Last Rights: Death Control and the Elderly in America

Barbara J. Logue, Author Lexington Books $50 (372p) ISBN 978-0-669-27370-0
This broad, complex look at the rights of the dying offers an unusually rich account of its subject. Logue, a Mississippi demographer, provides a revealing cross-cultural examination of the way nonindustrialized societies have dealt with their frail elderly. It's often not a pleasant picture--as with the Yakut of Siberia, who beat decrepit parents to death. But the point here, amply documented, is that medical care in the cost-containment-conscious United States is not much more civilized. The complex bureaucracies of nursing homes, medical insurance companies and hospices can hasten the demise of elderly people, sometimes even driving them to suicide. Conversely, she asserts, the propensity of modern medicine to prolong life against the will of an individual makes it crucial that society uphold our right to choose the way to die. Logue argues as well the right of physicians to assist patients in implementing the decision. The book shows how social science can serve social policy. (Apr.)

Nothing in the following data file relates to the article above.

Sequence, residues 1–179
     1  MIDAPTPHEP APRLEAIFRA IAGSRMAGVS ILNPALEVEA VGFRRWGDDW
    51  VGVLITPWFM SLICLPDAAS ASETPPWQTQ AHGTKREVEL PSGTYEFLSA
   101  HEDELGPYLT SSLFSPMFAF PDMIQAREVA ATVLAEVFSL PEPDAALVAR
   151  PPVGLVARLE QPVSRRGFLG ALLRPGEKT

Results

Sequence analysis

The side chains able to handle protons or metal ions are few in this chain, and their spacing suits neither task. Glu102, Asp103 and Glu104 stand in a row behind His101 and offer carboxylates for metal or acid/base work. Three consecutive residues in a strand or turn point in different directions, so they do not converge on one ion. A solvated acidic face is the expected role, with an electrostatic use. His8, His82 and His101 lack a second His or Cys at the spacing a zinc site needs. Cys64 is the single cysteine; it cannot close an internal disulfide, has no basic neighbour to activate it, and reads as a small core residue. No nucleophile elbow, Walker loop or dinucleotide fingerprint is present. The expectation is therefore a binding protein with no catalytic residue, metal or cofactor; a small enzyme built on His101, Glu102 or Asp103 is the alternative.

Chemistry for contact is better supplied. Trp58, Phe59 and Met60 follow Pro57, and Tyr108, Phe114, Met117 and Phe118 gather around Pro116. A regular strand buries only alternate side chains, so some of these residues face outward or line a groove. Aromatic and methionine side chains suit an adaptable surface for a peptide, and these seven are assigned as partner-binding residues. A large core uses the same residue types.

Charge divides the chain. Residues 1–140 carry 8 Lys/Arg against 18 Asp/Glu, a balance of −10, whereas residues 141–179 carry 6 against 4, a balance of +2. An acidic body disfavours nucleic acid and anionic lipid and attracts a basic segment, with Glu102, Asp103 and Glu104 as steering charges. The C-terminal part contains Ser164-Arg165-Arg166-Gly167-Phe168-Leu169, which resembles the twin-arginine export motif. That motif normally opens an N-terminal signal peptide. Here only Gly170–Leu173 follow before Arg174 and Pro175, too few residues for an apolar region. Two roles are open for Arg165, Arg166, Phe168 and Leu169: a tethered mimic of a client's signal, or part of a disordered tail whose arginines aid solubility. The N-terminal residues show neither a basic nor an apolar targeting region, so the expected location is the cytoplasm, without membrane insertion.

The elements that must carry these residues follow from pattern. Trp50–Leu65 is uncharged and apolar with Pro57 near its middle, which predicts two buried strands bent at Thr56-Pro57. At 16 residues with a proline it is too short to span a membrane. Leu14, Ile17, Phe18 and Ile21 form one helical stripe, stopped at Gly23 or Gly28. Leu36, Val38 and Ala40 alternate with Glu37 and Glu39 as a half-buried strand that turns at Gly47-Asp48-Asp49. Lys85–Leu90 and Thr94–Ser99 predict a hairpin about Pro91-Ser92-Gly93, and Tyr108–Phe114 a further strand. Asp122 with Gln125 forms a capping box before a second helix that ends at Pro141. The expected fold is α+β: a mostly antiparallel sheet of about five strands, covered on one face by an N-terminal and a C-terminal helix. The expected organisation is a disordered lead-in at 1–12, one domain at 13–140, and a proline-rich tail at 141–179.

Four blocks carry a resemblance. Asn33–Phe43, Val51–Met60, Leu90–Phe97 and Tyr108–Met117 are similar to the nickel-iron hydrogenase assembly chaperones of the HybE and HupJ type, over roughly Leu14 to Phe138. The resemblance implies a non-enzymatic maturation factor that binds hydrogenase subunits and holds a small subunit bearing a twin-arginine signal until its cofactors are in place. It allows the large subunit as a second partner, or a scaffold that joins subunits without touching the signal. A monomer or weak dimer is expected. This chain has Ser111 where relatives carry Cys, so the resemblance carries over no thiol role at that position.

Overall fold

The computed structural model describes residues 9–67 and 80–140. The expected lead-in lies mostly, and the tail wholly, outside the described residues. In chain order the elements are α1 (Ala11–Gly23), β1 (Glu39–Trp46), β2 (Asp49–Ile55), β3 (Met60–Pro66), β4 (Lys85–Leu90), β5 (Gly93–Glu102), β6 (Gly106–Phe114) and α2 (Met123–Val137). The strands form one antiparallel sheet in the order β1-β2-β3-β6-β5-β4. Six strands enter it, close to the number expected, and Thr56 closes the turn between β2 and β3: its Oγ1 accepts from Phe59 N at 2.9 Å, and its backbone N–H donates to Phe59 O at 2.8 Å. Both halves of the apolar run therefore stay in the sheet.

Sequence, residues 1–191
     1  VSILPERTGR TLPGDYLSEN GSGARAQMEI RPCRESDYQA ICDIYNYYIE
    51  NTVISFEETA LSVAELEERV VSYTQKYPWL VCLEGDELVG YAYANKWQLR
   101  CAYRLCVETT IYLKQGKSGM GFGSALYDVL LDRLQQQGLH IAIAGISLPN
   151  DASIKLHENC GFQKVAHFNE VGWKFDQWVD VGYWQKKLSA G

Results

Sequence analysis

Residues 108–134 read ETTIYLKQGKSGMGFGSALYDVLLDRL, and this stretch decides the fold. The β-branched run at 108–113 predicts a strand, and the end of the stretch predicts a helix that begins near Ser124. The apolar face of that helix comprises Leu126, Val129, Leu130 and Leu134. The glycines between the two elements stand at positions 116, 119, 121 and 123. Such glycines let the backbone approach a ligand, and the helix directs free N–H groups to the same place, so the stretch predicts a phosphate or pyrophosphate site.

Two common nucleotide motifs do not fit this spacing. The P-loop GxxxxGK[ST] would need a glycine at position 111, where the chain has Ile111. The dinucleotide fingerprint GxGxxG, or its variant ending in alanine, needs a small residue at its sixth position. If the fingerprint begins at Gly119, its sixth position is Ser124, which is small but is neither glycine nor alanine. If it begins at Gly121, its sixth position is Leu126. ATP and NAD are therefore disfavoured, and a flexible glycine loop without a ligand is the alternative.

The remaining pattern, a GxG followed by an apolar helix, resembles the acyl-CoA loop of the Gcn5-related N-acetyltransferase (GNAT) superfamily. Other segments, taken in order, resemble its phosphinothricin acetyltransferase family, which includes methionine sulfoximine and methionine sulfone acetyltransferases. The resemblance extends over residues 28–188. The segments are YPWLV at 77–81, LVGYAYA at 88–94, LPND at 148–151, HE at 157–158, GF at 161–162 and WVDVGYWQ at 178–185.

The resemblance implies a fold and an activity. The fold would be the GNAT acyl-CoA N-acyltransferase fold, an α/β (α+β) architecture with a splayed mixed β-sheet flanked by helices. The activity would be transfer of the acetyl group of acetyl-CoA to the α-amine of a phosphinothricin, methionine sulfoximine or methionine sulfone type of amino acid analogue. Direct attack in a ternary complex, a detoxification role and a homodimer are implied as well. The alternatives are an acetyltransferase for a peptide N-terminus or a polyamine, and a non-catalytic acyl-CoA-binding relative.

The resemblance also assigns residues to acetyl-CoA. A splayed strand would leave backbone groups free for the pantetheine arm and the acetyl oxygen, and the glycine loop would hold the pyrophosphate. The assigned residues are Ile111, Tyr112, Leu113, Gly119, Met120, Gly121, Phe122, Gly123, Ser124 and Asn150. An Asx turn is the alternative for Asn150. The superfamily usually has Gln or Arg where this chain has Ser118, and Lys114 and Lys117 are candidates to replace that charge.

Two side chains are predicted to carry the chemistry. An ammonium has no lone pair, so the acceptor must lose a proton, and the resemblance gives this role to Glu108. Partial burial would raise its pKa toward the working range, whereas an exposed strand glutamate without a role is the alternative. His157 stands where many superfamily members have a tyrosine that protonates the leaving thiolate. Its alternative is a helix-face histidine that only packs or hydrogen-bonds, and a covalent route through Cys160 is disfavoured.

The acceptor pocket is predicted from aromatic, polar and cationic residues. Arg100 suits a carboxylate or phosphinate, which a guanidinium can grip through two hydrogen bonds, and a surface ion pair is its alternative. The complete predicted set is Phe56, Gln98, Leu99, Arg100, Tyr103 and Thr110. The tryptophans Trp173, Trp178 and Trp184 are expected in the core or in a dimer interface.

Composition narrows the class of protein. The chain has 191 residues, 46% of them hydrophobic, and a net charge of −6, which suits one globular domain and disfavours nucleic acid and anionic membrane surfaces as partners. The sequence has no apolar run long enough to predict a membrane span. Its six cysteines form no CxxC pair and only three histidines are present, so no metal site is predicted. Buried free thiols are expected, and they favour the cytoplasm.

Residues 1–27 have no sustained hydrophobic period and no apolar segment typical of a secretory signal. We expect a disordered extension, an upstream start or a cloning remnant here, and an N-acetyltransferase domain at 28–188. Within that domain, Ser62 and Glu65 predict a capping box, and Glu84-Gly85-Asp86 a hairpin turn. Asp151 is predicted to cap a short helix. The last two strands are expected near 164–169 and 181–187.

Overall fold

Reviewed on: 05/25/1998
Release date: 05/01/1998
Genre: Nonfiction
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